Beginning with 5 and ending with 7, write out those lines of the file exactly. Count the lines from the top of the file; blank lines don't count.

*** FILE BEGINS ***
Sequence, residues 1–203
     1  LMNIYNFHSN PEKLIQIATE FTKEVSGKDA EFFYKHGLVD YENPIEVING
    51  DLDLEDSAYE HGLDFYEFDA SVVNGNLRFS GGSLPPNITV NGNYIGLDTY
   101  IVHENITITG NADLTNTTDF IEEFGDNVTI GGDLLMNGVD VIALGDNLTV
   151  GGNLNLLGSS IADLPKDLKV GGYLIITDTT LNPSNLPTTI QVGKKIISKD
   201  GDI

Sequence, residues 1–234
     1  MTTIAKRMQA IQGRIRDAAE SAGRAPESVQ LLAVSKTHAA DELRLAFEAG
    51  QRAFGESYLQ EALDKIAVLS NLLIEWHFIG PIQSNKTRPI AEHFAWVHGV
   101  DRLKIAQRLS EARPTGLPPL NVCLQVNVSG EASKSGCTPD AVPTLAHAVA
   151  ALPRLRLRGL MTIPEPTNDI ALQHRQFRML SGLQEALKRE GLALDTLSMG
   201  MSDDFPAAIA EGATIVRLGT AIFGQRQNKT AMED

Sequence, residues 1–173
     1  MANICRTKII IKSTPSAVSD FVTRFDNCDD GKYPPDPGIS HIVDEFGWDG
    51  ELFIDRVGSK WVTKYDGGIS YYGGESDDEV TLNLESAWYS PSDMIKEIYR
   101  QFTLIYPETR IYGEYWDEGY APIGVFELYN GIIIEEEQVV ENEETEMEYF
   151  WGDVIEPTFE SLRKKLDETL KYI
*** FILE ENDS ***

   151  GGNLNLLGSS IADLPKDLKV GGYLIITDTT LNPSNLPTTI QVGKKIISKD
   201  GDI

Sequence, residues 1–234